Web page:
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Google apologizes for displaying ads next
to offensive YouTube clips
Google apologized on Monday to Matt Britten, Europe’s chief operating officer, for allowing ads to be displayed next to abusive videos via its YouTube video sharing platform, and for anyone who saw ads appearing next to questionable content on YouTube. The official said the company would consider simplifying tools For advertisers as part of the solution.
The head of the company’s operations in Europe apologized during a press conference in London and said, “We regret anyone who was affected by this.” This comes after the great shock that the company suffered during the last week, which was the withdrawal of many British advertisers withdraw their ads from Google and its platform YouTube Video.
The move came after heightened concerns about the emergence of their ads through YouTube videos that incite hatred and extremist messages and support terrorist groups. These ads were placed through a program that allows advertisers to automatically buy ads within YouTube targeting specific population groups.
Many high-profile media companies and agencies such as Marks & Spencer, HSBC, The Guardian and Havas, representing many customers such as O2, EDF and Royal Mail, have pulled their UK-based ads from YouTube.
The British government also suspended its announcements on the site after some public sector ads appeared alongside videos of messages of vengeance and anti-Semitism, prompting a large group of major companies to follow suit.
Other companies such as WPP, the world’s largest advertising company, and France’s Publicis, the world’s third-largest advertising company, said Google had failed to meet advertising standards and that companies were reviewing its relationship with Google.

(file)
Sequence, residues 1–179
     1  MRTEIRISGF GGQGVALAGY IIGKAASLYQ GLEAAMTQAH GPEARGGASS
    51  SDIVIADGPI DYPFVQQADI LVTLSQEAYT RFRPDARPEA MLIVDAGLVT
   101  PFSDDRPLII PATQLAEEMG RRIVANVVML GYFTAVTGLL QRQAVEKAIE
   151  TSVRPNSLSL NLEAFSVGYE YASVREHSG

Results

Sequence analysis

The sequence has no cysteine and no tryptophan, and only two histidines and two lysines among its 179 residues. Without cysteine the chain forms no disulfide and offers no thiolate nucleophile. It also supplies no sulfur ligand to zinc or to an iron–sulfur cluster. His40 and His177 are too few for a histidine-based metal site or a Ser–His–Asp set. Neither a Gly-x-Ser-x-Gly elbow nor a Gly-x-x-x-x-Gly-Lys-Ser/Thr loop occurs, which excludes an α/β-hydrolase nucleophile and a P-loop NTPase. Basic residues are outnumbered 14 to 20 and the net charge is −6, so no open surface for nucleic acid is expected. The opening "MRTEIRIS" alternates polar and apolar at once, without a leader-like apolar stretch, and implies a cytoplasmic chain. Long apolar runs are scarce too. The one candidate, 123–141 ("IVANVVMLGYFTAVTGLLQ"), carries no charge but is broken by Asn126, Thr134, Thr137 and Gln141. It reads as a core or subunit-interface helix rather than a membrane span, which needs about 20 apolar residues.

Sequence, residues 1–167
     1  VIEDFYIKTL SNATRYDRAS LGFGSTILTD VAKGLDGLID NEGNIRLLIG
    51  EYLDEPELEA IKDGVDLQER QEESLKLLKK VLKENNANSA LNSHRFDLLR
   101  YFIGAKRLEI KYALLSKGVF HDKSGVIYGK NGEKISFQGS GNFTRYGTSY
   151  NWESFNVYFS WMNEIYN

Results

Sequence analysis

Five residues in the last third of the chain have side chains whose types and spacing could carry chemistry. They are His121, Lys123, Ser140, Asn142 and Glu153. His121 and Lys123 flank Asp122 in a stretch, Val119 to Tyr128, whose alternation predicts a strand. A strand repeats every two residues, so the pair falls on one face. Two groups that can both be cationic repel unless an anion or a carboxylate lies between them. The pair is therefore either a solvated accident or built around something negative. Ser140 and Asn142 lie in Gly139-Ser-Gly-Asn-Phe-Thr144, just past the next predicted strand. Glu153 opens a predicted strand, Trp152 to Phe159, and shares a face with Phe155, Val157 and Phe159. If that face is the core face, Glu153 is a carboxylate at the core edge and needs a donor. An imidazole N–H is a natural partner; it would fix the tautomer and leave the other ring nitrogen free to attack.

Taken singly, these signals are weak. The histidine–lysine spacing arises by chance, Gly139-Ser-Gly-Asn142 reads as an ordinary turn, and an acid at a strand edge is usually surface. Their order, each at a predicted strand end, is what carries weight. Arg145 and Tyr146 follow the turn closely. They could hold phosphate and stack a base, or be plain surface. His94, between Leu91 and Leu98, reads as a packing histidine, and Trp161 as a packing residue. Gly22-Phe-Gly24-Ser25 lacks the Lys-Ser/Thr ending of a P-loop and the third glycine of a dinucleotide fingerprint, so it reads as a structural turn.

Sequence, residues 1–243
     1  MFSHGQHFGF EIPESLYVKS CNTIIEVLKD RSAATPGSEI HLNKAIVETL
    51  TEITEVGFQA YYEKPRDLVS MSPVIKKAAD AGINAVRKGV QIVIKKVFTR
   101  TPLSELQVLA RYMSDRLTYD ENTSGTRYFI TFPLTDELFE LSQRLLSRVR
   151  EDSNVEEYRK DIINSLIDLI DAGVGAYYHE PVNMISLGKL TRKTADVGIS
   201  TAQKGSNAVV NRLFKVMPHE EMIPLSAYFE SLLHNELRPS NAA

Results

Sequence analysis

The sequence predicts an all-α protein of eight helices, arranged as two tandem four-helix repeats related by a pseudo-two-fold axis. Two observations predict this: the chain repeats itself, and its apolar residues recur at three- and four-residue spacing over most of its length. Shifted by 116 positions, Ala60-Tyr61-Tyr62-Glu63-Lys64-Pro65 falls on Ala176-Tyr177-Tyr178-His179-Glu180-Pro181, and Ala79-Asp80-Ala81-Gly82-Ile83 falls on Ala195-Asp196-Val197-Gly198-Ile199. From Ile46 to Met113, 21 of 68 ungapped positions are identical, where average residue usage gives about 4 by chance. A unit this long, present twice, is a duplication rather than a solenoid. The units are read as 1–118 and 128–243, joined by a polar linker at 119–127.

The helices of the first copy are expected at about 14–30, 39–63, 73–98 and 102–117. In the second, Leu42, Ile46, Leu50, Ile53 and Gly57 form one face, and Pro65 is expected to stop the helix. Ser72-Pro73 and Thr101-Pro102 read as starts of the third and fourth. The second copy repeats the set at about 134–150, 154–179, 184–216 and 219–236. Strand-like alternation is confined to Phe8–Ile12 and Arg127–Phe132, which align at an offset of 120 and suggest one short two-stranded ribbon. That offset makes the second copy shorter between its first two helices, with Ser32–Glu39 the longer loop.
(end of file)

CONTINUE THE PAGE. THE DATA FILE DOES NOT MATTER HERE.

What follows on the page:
Havas noted that Google has not been able to provide specific assurances, policies and guarantees that their video content or content is quickly and adequately classified or that correct filters are present.
The company’s decision to temporarily suspend activity with our partners in Google is a temporary measure made on behalf of UK customers, and Havas Group will not take such measures on a global basis and is working with Google to resolve the issues so that the group can return to Use of the video platform within the UK.
Matt Britten, head of Google Europe’s operations, said the company was reviewing advertising policies and controls, including questions about how to properly identify hate speech, and that the company could simplify tools for advertisers as part of the solution. “I think if the tools are there, But it is very complicated, this is our problem. ”
The company is currently reviewing content that has been reported as inappropriate by users or through its technologies, including automated learning algorithms, and it is not yet clear whether the company intends to take a more proactive approach by hiring staff to follow up on content activity that It may not appear through these filters.
The United Kingdom is the largest market outside the United States for Google’s parent company, Alpha, where the company generated revenue of nearly $ 7.8 billion, mostly from ads in 2016, or nearly 9 percent of the company’s global revenue.Viewing:-56
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